The holiday season hasn’t been that bright for seven year old Damian (Alex Etel) and his family, as his mother has just died and his father struggles to cope with the loss. Damian has a cardboard playhouse near the railroad tracks by his home, so when a train rolls through and a bundle of cash falls off, the money bounces right into his playhouse. He and his nine year old brother Anthony (Lewis Gibbons) discover the cash and decide it was a gift from heaven. After all, Damian can see and talk with Saints and they tell him to use the money for charity, so that is what happens. Some small gestures are soon taken, such as taking pizza to homeless men, but the brothers debate how to proceed. The conversion from pounds to euros is soon to happen, but will the boys make good use of the cash before it is obsolete?
I have never been a big fan of family cinema, as most of the movies aimed at families are either dumb comedies or knee jerk dramas. But I was looking forward to Millions, as director Danny Boyle has been involved with several other films I have enjoyed. Not family films, mind you, but still, he was a talent I appreciated, so I held out some hope. Millions is sentimental, as I knew it would be, but it is done in a natural, effective fashion, which makes all the difference in the world. This movie never insults our intelligence and in facts, inspires thought, a rare element these days. The premise is simple, but the details that flesh out the basics take a lot of risks, risks that more often than not, work out quite well. This is one of those movies that kids will like and so will adults, thanks to the different levels involved. As I said before, I don’t often take to family cinema, but Millions is an exception and it is well recommended.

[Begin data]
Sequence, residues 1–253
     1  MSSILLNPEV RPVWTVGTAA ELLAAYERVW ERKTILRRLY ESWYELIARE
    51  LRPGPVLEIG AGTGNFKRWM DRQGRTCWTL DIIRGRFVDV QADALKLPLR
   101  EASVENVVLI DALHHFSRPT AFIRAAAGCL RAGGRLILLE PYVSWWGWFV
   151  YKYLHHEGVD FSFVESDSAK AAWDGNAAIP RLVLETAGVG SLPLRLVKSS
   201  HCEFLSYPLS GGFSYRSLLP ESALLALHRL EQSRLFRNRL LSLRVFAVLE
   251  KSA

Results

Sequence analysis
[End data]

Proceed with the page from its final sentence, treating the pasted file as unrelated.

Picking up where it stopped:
Video: How does it look?
Millions is presented in 1.85:1 anamorphic widescreen. The source print is pristine and shows no grain, which means the visuals come across in sharp and ever impressive form. The colors stream across the screen in vivid hues and no signs of flaws, while flesh tones seem natural and consistent also. No issues in terms of contrast either, as black levels are razor sharp and no visible detail loss is evident. This is just a superb visual treatment from Fox, as the movie looks terrific.
Audio: How does it sound?
As with most family films of this kind, this one has a solid audio presence, but never rises much beyond the basics. But the material is well served, so I can’t complain too much about the soundtrack, as it does sound solid. The film is driven by dialogue, so sound effects aren’t often high impact or dynamic, but as I said, the material doesn’t need those elements. The music comes through well, with a rich presence that engages the surrounds and in the process, opens up the mix a little and that’s very welcome here. No complaints with the dialogue either, which sounds clean and easy to understand at all times. This disc also includes a Spanish language track, as well as subtitles in English, Spanish, and French.
Supplements: What are the extras?
The audio commentary track with director Danny Boyle and writer Frank Cottrell Boyce is a disappointment, at least to me it was. I wanted to learn more about the “why” behind the film and instead, they cover more of the “how” and that was a let down to me. The track is technical in most instances, dealing with the special effects and cast members. I think there could have been a lot to discuss in regard to the spiritual side of the movie, but that is overlooked in the session. This disc also includes a quartet of brief behind the scenes featurettes, as well as a selection of deleted scenes.